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Waterloo Cedar Falls & Northern Railway

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WCF&N Buffet Parlor cars No. 101 and 102 at the Waterloo shops.  A Barney Neuburger photo from the George B. Patty Collection, circa 1950.

         The Waterloo Cedar Falls & Northern was, as the saying goes, a mighty fine line. It was an electric interurban centered in Waterloo, Iowa with three lines radiating from Waterloo – 60 miles to Cedar Rapids, 22 miles to Waverly and 9 miles to Cedar Falls. The WCF&N provided streetcar service in Waterloo and Cedar Falls. There was a belt line around Waterloo where many industries clustered. The two largest industries in Waterloo were the Rath Packing Plant, a mult-stored slaughter house mostly for hogs, and a John Deere plant for the manufacture of wheeled farm tractors.
         In the 1950s Columbus railfans were much intrigued with the WCF&N and many a trip was made to Waterloo to ride the interurban. For the most part the train crews were welcoming and the Columbus railfans had the run of the place even riding the freight to Cedar Rapids. The ORM members had hopes of acquiring one of the three big parlor cars. In 1954 there was a fire in the Waterloo roundhouse (yes, this interurban line had a roundhouse) that destroyed two of the three parlor cars, No. 101 and 102, along with their open observation platforms. One Ohio Railway Museum member brought a set of observation railings back to Worthington in the hopes of acquiring the remaining parlor car, No. 100. The open observation on No. 100 had been closed in 1928 hence the reason for obtaining the railings.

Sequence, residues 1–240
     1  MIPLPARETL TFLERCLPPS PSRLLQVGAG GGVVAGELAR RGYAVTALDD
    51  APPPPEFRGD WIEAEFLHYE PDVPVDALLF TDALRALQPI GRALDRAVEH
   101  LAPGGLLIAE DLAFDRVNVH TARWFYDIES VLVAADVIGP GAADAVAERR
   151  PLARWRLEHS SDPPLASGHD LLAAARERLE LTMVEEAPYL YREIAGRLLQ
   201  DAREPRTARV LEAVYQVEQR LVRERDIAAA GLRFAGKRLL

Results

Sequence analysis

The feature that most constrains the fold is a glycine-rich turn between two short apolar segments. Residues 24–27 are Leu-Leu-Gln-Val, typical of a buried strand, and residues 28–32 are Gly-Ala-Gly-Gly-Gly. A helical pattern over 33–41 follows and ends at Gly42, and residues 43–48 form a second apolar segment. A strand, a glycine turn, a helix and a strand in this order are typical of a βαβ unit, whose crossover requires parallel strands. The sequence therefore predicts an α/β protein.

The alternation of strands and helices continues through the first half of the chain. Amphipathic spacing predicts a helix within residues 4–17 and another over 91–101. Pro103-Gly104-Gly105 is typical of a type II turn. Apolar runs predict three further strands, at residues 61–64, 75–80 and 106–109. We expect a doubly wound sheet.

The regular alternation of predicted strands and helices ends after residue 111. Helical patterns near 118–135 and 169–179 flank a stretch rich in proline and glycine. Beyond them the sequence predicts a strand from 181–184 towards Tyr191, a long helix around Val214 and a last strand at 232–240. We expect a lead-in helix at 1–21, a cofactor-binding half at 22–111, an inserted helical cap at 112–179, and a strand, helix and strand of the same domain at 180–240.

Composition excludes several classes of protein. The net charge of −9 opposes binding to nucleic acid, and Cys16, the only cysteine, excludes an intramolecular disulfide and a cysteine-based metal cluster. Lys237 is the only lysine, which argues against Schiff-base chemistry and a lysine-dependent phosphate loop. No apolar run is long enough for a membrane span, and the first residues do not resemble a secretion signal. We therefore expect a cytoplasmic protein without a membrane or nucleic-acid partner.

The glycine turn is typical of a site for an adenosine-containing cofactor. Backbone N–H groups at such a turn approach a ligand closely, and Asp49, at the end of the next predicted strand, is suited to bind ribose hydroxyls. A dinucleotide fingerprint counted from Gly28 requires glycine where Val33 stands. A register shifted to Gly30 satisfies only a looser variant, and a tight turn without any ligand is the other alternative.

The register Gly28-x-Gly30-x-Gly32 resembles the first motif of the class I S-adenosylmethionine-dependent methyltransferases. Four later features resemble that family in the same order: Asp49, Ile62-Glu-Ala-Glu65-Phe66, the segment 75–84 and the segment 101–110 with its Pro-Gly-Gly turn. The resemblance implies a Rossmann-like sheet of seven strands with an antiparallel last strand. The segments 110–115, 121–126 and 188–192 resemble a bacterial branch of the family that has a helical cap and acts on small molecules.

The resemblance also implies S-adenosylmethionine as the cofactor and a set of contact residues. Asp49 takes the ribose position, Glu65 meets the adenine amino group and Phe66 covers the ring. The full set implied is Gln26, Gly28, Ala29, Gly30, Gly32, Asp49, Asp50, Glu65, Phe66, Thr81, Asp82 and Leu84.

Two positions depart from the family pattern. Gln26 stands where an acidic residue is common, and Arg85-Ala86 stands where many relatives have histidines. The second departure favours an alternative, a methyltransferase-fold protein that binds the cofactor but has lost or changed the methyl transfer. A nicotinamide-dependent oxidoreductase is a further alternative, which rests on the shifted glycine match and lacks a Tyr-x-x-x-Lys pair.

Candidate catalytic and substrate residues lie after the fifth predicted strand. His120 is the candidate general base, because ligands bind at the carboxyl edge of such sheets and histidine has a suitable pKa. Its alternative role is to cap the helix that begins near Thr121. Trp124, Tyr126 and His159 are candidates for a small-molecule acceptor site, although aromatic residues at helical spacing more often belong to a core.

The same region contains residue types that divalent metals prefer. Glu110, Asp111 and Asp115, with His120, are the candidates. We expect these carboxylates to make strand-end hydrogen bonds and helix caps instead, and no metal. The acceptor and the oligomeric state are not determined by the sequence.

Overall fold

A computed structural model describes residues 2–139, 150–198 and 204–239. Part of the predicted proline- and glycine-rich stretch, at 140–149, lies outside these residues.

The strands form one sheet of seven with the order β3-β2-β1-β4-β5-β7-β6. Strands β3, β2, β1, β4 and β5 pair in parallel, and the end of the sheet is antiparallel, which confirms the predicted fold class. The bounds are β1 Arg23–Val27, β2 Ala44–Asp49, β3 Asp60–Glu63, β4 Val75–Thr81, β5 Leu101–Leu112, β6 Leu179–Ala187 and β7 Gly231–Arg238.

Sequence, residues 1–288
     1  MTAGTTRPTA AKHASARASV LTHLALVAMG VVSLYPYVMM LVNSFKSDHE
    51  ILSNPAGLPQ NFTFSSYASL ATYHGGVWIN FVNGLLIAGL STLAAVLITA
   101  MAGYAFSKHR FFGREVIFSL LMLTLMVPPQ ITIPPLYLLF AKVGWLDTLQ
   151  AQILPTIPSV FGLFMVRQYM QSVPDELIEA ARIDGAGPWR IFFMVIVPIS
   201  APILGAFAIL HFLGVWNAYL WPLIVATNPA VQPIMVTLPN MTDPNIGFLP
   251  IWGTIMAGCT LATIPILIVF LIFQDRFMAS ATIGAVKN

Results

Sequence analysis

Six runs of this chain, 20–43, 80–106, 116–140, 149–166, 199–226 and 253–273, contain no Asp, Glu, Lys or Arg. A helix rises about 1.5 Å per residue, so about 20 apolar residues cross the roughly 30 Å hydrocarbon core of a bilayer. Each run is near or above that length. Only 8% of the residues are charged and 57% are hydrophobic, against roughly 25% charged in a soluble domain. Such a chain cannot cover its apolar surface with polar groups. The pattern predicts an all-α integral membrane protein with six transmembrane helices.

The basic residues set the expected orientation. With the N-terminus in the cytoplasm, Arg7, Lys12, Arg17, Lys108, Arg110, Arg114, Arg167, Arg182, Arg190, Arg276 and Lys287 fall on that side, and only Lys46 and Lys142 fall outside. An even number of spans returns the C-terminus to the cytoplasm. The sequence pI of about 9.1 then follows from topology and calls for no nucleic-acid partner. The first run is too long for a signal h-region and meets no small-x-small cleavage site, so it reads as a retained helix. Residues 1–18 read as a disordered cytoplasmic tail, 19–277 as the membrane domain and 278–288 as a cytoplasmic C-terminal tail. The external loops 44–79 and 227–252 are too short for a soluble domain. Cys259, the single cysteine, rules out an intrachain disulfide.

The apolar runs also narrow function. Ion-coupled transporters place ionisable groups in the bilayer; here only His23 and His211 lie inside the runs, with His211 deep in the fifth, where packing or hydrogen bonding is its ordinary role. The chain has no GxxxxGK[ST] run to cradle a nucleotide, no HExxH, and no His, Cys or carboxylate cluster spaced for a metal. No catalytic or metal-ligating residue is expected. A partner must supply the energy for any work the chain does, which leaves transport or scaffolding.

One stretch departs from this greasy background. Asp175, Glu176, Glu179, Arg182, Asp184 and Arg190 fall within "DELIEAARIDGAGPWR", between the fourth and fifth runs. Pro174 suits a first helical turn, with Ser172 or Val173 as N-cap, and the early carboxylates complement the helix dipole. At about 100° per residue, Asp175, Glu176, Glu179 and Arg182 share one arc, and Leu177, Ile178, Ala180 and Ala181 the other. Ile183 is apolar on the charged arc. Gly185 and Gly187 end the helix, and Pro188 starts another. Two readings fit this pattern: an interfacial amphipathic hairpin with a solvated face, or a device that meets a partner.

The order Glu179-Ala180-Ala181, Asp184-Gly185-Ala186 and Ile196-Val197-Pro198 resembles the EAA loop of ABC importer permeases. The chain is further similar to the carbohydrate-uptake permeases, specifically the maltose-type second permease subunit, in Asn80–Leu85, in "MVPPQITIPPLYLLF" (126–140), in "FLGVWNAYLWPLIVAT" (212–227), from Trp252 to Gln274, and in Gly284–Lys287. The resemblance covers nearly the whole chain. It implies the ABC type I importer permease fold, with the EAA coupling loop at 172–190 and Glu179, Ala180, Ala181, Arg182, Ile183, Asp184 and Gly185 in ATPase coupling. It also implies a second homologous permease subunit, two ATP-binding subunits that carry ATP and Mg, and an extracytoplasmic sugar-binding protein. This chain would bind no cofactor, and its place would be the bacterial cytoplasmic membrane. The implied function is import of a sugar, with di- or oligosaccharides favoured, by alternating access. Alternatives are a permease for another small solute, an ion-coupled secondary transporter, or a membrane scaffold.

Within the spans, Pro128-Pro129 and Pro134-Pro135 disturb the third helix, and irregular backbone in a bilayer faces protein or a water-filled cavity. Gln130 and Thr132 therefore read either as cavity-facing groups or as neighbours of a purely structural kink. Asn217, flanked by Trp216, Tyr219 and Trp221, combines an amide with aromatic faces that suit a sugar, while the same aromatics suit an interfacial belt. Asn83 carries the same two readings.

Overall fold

What made the WCF&N unique among interurbans was that it was built to steam road standards. There was no difficulty handling and interchanging freight cars with the many steam railroads in the area. There were as many as fourteen freight motors at one time kept busy handling business. Because of the belt line around Waterloo the freight cars were kept off city streets unlike many Midwest interurbans of the early Twentieth Century.
         The line had large heavy interurban passenger cars including those three parlor buffet cars built by McGuire-Cummings in 1914. It the early days two car trains were often run between Waterloo and Cedar Rapids providing fast comfortable service.
         The roots of the WCF&N reach back to the horsecar era. Electrification came before 1900. The railroad was not totally built out until around 1915. Throughout its history the WCF&N was constantly evolving as streetcar and passenger service was cutback. One constant was the freight service that outlasted the electrification. The last scheduled interurban car to Cedar Rapids ran February 20, 1956. The last streetcar to Cedar Falls ran on August 1, 1958. The electricity was turned off as the freight service was converted to diesel and the line became the Waterloo Railroad.
         No. 100 never got to Ohio as it stayed in Iowa after the passenger service was abandoned. Unfortunately it too was destroyed by fire in 1967. A sad day for traction fans. To see photos of the WCF&N from the Donald A. Kaiser and George B. Patty Collections – click here


CERA Bulletin No. 114, Iowa Trolleys, Norman Carlson, Editor, Robert J. Levis, Research Coordinator, Published by the Central Electric Railfan’s Association – 1975.

CERA Bulletin No. 118, Westinghouse Electric Railway Transportation, Reprinted by the Central Electric Railfan’s Association – 1979.